by Waite Forsyth
August 9, 1964
* * *
THE ENTIRE ACT was typical of Louis “Lou” Collins for years Jamestown sports merchant prince and a one-man recreation department before said department, one of the busiest in the city’s government, came into being.
A scholastic and pro football and basketball standout in his own right, Collins entered Jamestown’s business ranks at an early age.
Perceptive and alert to the needs of the then-growing city and impelled by a deep love of sports, he turned to the promotion of matters athletic.
* * *
ONE OF HIS first ventures in this field was the organization of a Chautauqua County Baseball League - later to be renamed the Chautauqua County Baseball Association - in 1921. The association is just completing its 44th season of operation, the oldest baseball organization of its kind, according to Ray Dumont’s National and World Baseball Congress, based in Wichita, Kans.
Only one thing interrupted the league’s long run of success - the 1943 season when World War II gas and tire rationing compelled a temporary close-down. During its 44 years, the association roster has ranged from six clubs to a two-division 16-club federation. Collins was the league secretary at the beginning and the secretary he still is.
* * *
LOU LEARNED as early as 1919 that thinking up the organization of leagues was only the beginning, it delved on him to search out the team sponsors, do the scheduling, arrange for playing fields, round up the umpires and referees, convene rules meetings (held in his sports good store, mostly) “keep peace in the family” and attend to any other stray bits of work that happened to bob to the surface.
It was in 1919 that the young business man organized a six-team Muny Baseball League, which played its games on the Jamestown High School campus, known for years as “the rock pile” for obvious reasons. The circuit made an instant hit with the local players and fans and the following season it burgeoned to eight teams.
* * *
SO ANXIOUS were the players of that era for competition that they purchased their own uniforms and personal equipment such as spikes, gloves, mitts, bats and balls. And the umpires served without payment. The whole picture was a far cry from conditions hereabouts today.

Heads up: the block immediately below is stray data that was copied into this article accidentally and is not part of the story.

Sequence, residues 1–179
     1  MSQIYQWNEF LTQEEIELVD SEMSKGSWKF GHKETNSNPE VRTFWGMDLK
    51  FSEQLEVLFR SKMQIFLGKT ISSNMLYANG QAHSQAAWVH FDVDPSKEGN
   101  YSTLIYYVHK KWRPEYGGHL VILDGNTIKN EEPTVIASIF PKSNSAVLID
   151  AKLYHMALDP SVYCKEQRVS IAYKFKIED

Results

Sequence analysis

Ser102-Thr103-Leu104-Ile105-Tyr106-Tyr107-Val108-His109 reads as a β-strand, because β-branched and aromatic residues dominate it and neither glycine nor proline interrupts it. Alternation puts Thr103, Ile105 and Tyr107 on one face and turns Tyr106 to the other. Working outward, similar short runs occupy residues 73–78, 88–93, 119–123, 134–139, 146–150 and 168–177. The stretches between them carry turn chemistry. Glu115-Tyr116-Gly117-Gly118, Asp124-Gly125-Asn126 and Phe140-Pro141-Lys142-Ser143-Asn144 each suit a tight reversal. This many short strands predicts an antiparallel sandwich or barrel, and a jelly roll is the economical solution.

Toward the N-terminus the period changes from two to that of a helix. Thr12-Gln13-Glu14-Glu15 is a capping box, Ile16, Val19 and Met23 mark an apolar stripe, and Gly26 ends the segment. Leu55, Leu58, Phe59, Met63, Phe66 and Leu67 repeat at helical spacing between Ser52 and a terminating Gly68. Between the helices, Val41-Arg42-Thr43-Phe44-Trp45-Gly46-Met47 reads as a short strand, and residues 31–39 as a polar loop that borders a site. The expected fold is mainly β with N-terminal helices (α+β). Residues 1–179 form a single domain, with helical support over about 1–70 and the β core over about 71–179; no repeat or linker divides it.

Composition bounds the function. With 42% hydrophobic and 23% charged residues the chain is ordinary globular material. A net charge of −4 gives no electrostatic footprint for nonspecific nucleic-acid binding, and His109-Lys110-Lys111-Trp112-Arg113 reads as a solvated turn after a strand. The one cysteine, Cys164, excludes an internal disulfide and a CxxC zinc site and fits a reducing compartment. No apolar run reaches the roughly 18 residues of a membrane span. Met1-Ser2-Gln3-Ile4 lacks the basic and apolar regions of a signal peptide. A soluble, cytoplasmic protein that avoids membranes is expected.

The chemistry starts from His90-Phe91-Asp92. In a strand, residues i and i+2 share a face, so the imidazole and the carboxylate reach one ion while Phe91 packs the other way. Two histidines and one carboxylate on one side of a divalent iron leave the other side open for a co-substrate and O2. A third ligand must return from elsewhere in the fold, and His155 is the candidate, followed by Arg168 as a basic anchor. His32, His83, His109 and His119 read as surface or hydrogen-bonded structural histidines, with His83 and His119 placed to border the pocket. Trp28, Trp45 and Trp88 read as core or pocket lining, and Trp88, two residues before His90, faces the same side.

During the 1920’s, Lou’s personal athletic empire branched out. He organized the Muny B League at this time, with an original roster of 12, which blossomed to 16 in its second season. Next on the scene was the Class C League for younger players which came into existence with 16 entries in two divisions.
LATER ON, the Class D League was formed of three six-club divisions, followed by the advent of the Industrial and Fraternal leagues, until some 60 teams, as Collins recalls, were in action in the city and area during the Twenties and Thirties. Along about this time, the muny league was lifted to Double A ranking.
Playing fields were at a premium. The old campus, the long-gone Salisbury Field and almost any available open space was requisitioned. In later years, development of Allen and Roseland parks eased the situation.
* * *
Turned to Basketball
WHILE THE players of the early days supplied most of their own financing, the matter of operating funds became an increasing problem. Lou remembers that one year, the City Council appropriated $300 to help the “recreation program and to support band concerts in Allen Park. But, he recalls, too, somewhat sadly, the City Fathers, voted down the appropriation the following year when some one or two of the members objected to the “useless waste” of public funds. In later years of course, the council provided funds for the hiring of game officials.
Encouraged by the success of his baseball league, Collins brought about the organization of the city basketball leagues, even one for the girls, which flourished for some 10 years. The men’s leagues lasted through the late Twenties and Thirties and until the present Recreation Department took over the reins.
* * *
A FRATERNAL LEAGUE did a brisk business in the old YMCA building for a member of seasons and Collins also came up with a county cage loop. In addition, he helped the late Doc Demarest, YMCA physician director, with the organization of a Y loop which brought about some of the finest competition in the city’s athletic history.
Nor did Collins neglect football. He was the prime mover in the formation of the muny league which was an outstanding success during the pre and early days of radio and produced the Liberties-Crescent feud, undoubtedly one of the hottest of all time in Jamestown.
* * *
ANOTHER COLLINS venture was a kid league for youngsters not more than 12 years of age and weighing not more than 100 pounds, a forerunner of the Jaycee Midget League of today.
Collins also promoted speed boat races on Chautauqua Lake, being a lake enthusiast from his boyhood years. He had charge of the city’s tennis courts (not too many) during these early years and his store was headquarters for the issuance of permits for one season. It might be noted that the city’s tennis facilities started with one Allen Park court.